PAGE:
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The Matrix of Needs: Core Needs

In the Matrix of Needs, Safety is the glue that holds all things together. The concept comes from the Extra-Cellular Matrix, or ECM, which are those structures which give form to all living things. Without this matrix, we would be blobs. Safety is our psychosocial matrix, it empowers all our actions to work together cohesively to build up all that makes us human. It is not our physical form that makes us human, it is our psychological and emotional selves that make us who we are as individuals and as a species. For a more detailed analysis of this, see the article available at

A core is the central part of the whole. Examples would be the core of the earth, the core of an apple, the core of the matter. In the Matrix of Needs model, the 3 core needs are subsistence, attaching relationships, and communication. Each of these subjects has a blog post that can be read at Without subsistence needs – air, water, food, shelter, sleep – we would not be able to develop any further. Just from a physical perspective, life would not be able to be sustained were these subsistence needs not met. There is no doubt that subsistence is a core need.

Attaching relationships are a core need for our survival as well. Human beings are social beings, as evidenced by research from John Bowlby, Mary Ainsworth, Louis Cozzolino, and many others. Without the early experiences, starting in the womb, of attachment, developing social relationships would look much different. When people experience abuse and neglect, their ability to attach is severely impaired, with aggressive and often violent behaviours developing as a result. It is the foundation of attaching relationships that empower us to be able to build the social networks necessary for us to become interdependent.

Communication is the third of the core elements in The Matrix of Needs. The inclusion of communication as a human need, let alone as a core human need, caused a fair amount of discussion to occur during the years this model was being formed. At the end of our discussions, people from the US, Australia and the UK were in agreement that as human beings, communication was a core need, and not a tool to help us meet our needs. It is communication that empowered and continues to empower humans to work together to overcome the threats to our existence as individuals and as a species.

Children who are just learning to communicate show intense frustration when they are unable to communicate with others. The same is true of people who lost communication skills after a stroke or traumatic brain injury. Behaviour becomes the only way in which people can communicate, and often their behaviour becomes classified as problematic and we address it through plans and medication without understanding that a core human need is unmet.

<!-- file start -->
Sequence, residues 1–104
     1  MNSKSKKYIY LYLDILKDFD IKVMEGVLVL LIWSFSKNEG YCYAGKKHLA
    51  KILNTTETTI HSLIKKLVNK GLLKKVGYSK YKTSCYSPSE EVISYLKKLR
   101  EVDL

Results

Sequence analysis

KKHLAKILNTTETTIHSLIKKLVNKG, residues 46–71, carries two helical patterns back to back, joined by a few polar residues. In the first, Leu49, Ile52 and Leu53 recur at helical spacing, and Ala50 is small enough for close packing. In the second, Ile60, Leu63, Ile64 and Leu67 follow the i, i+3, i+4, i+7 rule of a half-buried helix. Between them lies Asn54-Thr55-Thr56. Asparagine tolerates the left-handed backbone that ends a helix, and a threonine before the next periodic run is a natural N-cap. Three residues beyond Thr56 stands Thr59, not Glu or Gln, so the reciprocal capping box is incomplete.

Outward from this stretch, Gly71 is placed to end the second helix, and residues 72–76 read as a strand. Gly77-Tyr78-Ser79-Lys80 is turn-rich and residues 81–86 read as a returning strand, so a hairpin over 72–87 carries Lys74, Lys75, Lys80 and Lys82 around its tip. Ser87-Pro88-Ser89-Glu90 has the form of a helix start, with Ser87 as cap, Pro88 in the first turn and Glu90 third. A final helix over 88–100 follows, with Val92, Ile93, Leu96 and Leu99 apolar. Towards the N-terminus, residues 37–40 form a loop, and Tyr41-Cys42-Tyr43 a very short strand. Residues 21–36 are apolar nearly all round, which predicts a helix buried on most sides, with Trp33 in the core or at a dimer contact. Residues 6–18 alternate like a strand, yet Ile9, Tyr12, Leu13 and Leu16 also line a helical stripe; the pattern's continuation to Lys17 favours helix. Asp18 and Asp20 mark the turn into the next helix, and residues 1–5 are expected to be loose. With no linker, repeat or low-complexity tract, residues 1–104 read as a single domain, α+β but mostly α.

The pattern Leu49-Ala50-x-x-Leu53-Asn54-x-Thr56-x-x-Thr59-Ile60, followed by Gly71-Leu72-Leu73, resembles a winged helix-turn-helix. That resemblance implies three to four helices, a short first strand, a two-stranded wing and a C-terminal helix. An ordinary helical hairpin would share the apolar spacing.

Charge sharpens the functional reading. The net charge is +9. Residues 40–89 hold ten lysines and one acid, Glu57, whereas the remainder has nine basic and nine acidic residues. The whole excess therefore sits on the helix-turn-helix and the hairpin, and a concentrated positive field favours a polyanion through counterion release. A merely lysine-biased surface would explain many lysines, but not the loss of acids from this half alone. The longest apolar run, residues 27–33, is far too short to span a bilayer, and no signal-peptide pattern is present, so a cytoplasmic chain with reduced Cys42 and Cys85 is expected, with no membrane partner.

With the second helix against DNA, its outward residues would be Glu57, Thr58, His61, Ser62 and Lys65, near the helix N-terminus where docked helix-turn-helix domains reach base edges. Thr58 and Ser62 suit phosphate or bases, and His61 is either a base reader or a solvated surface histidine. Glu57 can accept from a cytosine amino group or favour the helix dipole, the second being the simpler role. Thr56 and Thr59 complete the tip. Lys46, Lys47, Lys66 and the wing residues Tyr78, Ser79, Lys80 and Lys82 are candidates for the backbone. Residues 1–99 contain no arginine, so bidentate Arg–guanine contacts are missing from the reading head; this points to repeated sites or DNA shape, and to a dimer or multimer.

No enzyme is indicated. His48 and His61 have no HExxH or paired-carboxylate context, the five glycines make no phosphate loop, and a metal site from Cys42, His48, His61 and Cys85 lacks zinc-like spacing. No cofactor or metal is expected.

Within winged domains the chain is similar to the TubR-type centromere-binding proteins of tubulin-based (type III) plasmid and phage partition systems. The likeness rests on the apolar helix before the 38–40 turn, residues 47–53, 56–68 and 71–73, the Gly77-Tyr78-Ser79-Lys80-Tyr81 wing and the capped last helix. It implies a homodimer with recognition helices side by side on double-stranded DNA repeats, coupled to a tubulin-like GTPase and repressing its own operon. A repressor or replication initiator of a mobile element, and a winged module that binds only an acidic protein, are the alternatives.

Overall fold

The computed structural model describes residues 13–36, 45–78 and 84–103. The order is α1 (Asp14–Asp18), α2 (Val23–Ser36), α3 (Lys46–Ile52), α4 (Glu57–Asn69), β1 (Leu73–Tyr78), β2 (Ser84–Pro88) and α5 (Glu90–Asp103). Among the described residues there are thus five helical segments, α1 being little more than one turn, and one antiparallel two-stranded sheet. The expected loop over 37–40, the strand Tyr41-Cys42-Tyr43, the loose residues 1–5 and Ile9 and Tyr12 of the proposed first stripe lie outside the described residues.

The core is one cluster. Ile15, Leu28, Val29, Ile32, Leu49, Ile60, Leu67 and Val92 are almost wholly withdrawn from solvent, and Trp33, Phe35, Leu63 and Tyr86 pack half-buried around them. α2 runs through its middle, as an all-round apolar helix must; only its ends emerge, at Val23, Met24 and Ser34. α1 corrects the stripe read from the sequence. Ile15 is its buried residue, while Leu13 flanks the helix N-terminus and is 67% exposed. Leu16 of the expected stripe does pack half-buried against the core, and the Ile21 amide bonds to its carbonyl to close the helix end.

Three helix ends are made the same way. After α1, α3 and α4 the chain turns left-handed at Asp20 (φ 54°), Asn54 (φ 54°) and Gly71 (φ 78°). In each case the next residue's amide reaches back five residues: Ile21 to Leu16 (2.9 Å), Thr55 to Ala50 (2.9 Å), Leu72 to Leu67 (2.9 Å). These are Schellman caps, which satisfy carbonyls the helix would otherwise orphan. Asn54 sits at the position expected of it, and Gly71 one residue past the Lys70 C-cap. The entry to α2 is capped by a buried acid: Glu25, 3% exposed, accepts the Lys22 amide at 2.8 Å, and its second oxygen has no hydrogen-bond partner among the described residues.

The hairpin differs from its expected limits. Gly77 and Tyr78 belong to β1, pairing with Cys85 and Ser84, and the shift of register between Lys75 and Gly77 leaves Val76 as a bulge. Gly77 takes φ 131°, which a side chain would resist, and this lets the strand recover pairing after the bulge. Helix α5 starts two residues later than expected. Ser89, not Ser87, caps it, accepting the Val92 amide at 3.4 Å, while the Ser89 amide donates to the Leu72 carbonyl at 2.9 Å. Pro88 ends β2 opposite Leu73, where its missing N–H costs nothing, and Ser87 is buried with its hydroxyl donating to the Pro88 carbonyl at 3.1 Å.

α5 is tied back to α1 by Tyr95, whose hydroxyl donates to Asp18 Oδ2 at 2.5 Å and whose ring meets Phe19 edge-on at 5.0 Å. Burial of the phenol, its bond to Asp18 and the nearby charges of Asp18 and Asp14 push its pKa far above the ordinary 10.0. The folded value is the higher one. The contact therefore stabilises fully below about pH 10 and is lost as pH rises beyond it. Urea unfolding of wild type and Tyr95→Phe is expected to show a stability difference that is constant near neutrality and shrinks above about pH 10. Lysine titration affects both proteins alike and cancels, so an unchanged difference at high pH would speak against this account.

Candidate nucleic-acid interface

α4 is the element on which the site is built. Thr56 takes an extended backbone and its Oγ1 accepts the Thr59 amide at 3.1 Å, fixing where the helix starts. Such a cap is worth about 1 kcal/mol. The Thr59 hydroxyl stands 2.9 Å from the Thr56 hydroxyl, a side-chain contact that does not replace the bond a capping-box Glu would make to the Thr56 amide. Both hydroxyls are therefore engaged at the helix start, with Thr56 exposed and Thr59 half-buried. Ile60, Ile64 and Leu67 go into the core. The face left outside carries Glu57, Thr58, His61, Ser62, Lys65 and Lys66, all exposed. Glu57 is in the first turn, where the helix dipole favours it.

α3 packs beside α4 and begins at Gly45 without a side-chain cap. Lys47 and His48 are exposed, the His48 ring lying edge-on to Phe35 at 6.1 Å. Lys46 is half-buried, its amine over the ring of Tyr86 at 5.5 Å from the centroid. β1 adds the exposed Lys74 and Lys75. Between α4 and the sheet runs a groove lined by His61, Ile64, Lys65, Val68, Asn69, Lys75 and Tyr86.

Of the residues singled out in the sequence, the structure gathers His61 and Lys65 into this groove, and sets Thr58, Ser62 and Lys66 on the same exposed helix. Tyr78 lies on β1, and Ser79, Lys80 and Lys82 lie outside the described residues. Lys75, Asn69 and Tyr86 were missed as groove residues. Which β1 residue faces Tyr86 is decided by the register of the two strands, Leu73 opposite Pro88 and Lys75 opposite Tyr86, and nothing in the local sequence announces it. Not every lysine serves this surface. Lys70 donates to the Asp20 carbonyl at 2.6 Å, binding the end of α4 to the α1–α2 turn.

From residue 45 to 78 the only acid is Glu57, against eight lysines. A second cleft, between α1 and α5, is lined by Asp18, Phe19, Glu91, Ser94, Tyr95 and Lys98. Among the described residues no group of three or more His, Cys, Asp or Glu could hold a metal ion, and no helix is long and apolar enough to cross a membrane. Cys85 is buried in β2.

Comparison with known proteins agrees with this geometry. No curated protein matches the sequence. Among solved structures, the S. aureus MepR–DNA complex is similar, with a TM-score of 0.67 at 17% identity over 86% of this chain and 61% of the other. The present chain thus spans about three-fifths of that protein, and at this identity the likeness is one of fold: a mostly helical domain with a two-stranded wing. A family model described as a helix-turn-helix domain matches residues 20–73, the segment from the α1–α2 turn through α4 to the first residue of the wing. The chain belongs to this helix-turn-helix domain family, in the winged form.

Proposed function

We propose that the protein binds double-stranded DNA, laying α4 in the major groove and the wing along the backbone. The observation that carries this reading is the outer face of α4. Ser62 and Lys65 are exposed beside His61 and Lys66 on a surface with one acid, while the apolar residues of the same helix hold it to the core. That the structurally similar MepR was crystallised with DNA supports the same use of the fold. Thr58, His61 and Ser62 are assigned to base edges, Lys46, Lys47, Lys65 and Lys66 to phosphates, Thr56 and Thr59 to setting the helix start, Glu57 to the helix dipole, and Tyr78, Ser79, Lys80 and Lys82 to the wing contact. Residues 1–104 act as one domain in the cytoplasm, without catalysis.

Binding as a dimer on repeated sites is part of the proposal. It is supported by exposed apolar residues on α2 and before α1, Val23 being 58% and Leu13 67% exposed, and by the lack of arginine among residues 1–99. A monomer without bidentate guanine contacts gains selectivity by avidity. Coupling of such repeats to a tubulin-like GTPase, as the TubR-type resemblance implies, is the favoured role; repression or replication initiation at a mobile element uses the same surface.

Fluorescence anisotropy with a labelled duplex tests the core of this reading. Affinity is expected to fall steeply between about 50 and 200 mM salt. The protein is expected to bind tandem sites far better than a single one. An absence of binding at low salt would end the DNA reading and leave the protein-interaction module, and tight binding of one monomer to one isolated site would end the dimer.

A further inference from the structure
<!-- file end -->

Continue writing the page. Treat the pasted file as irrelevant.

A basic axiom in human services was best said by David Pitonyak, who is convinced that his work is based on the premise that behavioural challenges arise from unmet needs. These 3 core needs – subsistence, attachment, and communication – are at the core of the majority of behaviours that fall in the category of “behavioural disorders.” The usefulness of this model comes from the ways in which we can ask 4 questions to determine how to best support people:

1. Are you safe? If the answer is no, this is where we start in our work of providing supports.

2. Are your needs for food, water, shelter and sleep met? If the answer is no, this is where we start.

3. Do you have at least one other person who is in your life, no matter what? If the answer is no, then this is our starting point for offering supports.

4. Are you able to tell others what you want, need, or hope for? Again, if the answer is no, this is where we start our work of being of support.

When these three core needs are met, we are equipped to continue in fulfilling our human potential. This is the legacy of abuse and neglect as documented by the Adverse Childhood Experiences study, a good resource can be found at People with significant histories of abuse and neglect have shortened lifespans, increased medical concerns, decreased social relationships, and a lower quality of life. By addressing these core needs, those of us who work at being of support can better build the resilience and hope needed to overcome the despair of unmet needs.

Bob Bowen


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